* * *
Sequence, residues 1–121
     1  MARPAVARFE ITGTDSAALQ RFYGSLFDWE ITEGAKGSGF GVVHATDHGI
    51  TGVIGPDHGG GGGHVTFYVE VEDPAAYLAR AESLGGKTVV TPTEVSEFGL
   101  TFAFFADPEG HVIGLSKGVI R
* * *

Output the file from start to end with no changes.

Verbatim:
Sequence, residues 1–121
     1  MARPAVARFE ITGTDSAALQ RFYGSLFDWE ITEGAKGSGF GVVHATDHGI
    51  TGVIGPDHGG GGGHVTFYVE VEDPAAYLAR AESLGGKTVV TPTEVSEFGL
   101  TFAFFADPEG HVIGLSKGVI R